What is Carbolic Acid?

Phenol is the chemical name of carbolic acid. It has the molecular formula $C_6H_5OH$ and is an aromatic organic compound. It is a flammable white crystalline solid. A phenyl group $(C_6H_5)$ is bonded to a hydroxyl group $(OH)$ in this molecule. It's mildly acidic and should be treated with caution because it can cause chemical burns.


Carbolic acid was originally derived from coal tar, but it is now made on a large scale (approximately 7 billion kg/year) from petroleum-derived feedstocks. It's a crucial manufacturing product because it's used to make a variety of products and compounds. It is mainly used in the manufacture of plastics and other materials. Polycarbonates, epoxies, Bakelite, nylon, detergents, herbicides like phenoxy herbicides, and a variety of prescription drugs all include phenol and its chemical derivatives.


Properties of Carbolic Acid (Phenol)

Physical Properties of Carbolic Acid

  • Carbolic acid is an organic compound.

  • Carbolic acid is soluble in water.

  • Carbolic acid is weakly acidic in nature.

  • In an aqueous medium, the carbolic acid gets converted into a phenolate ion.

  • Carbolic acid exhibits resonance phenomena.

  • Carbolic acid forms hydrogen bonding.

  • Carbolic acid exhibits tautomerism phenomena.

Chemical Properties of Carbolic Acid

Since the oxygen atom's pi electrons donate electron density to the ring, phenol is highly reactive against electrophilic aromatic substitution. Many groups can be appended to the ring using this general method, including halogenation, acylation, sulfonation, and other methods.

  1. Addition of base to the phenol 

$C_6H_5OH + NaOH \to C_6H_5ONa + H_2O$

  1. Addition of Acyl Group

$C_6H_5OH + C_6H_5COCl \to C_6H_5OCOC_6H_5 + HCl$

  1. Reduction under zinc dust

$C_6H_5OH + Zn \to C_6H_6 + ZnO$

  1. Oxidation of phenol

$C_6H_5OH + CH_2N_2 \to C_6H_5OCH_3 + N_2$


Synthesis of Carbolic Acid

1. Hock Process

The Hock rearrangement is used to partially oxidise cumene (isopropylbenzene). The cumene process, in comparison to most others, uses relatively mild conditions and low-cost raw materials. Both phenol and the acetone by-product must be in high demand for the process to be cost-effective.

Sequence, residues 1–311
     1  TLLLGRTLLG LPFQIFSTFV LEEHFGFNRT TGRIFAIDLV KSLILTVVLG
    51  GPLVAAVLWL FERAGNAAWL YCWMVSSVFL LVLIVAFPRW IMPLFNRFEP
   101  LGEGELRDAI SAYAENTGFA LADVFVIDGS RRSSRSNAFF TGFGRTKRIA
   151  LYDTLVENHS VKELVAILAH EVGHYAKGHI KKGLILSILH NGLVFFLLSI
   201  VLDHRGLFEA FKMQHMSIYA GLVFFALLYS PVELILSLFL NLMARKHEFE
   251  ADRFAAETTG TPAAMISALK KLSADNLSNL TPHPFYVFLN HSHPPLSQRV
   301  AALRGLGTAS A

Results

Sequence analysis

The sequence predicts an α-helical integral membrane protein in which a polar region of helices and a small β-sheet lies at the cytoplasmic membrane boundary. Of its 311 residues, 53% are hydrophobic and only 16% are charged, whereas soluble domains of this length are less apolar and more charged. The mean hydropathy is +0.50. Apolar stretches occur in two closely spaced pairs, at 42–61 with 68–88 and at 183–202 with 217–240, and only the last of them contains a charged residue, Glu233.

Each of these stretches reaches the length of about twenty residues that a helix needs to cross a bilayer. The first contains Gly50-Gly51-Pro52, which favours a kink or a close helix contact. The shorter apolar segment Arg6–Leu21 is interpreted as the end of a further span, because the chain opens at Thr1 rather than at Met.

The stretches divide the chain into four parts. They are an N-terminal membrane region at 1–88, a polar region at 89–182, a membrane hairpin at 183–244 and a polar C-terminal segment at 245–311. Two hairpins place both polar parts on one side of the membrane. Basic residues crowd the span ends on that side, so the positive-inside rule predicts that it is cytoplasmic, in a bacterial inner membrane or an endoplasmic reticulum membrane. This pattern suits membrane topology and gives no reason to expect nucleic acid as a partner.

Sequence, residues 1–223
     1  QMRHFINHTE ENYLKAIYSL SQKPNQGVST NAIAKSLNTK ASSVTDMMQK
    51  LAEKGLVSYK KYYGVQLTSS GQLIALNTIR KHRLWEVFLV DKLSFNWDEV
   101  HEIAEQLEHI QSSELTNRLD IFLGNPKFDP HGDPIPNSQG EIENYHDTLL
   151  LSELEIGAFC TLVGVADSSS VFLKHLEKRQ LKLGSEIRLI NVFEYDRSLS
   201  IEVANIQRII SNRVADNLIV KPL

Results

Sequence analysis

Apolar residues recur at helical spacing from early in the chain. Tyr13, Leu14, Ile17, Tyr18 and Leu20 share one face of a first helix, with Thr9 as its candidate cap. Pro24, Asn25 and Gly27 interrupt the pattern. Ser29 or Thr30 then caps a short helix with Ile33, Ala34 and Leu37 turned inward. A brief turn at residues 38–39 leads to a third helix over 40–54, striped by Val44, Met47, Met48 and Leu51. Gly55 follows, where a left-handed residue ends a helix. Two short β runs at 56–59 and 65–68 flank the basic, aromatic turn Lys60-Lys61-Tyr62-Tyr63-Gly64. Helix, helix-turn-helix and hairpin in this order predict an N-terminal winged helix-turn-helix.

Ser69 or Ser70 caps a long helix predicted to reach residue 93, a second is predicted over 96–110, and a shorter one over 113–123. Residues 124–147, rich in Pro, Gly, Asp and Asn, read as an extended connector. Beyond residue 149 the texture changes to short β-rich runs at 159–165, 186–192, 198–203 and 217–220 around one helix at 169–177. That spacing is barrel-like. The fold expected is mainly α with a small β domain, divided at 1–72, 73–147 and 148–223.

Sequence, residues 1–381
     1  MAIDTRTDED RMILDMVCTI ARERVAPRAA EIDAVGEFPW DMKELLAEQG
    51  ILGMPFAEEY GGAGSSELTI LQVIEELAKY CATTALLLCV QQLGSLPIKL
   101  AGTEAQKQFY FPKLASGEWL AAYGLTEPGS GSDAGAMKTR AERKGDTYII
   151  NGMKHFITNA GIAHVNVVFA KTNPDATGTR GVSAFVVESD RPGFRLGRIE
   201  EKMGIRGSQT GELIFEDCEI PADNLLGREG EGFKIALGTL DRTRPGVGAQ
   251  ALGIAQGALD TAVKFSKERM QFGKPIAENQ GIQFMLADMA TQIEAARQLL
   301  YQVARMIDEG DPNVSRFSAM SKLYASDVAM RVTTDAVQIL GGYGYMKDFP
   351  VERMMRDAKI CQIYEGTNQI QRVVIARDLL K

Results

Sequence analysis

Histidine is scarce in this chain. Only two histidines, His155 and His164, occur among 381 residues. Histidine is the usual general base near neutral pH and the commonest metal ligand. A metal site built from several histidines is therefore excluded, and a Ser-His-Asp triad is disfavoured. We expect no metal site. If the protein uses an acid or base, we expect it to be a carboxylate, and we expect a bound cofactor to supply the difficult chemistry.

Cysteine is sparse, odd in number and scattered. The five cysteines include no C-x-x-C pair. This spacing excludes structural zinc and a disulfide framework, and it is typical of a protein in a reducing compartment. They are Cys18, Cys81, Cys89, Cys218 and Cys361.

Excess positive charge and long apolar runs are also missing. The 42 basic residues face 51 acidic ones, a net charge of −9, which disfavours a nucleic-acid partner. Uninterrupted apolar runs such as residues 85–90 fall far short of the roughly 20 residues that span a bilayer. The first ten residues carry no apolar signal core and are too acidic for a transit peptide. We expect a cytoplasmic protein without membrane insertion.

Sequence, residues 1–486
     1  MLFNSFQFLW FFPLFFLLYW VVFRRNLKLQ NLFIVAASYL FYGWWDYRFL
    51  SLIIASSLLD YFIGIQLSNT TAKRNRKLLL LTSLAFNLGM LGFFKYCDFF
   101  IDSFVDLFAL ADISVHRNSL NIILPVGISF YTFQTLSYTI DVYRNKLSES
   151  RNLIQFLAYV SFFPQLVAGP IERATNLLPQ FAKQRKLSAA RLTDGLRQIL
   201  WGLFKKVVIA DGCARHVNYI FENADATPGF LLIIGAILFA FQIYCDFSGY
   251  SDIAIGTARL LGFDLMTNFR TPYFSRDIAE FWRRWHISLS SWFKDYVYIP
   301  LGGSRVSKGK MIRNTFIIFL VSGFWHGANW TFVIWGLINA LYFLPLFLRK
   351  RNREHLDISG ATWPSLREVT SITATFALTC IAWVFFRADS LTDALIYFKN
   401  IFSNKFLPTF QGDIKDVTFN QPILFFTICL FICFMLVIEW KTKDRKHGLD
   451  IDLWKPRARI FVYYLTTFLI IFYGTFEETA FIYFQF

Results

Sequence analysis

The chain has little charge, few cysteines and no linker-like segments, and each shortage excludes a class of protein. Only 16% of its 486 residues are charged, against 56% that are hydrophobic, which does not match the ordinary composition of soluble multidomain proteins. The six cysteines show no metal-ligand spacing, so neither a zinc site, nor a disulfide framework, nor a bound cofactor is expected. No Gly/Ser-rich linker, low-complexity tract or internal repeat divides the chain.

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2. Oxidation of Benzene to Toluene

While direct benzene to phenol oxidation is theoretically possible and of great interest, it has yet to be commercialised.

$C_6H_6 + O \to C_6H_5OH$

An alternating current electrosynthesis produces phenol from benzene.


3. Dow Chemical Produced a Copper

catalyzed reaction of molten sodium benzoate with air for the oxidation of toluene

$C_6H_5CH_3 + 2O_2 \to C_6H_5OH + CO_2 + H_2O$    


4. Hydrolysis of Benzenesulfonate

The reaction of a strong base with benzenesulfonate is the first commercial method, produced by Bayer and Monsanto in the early 1900s. This idealised equation represents the conversion.

$C_6H_5SO_3H + 2NaOH \to C_6H_5OH + Na_2SO_3 + H_2O$    


5. Hydrolysis of Chlorobenzene

Chlorobenzene is hydrolyzed to phenol using alkali or steam. This process is known as the Dow process (Raschig–Hooker process).

$C_6H_5Cl + NaOH \to C_6H_5OH + NaCl \\  C_6H_5Cl + H_2O \to C_6H_5OH + HCl$ These methods suffer from the cost of chlorobenzene and the need to dispose of the chloride by-product.


6. Coal Pyrolysis

Pyrolysis of coal produces phenol, which can be recovered. The oxidation of toluene to benzoic acid is achieved separately in the Lummus Process.


Carbolic Acid Uses

Let us discuss the carbolic acid uses: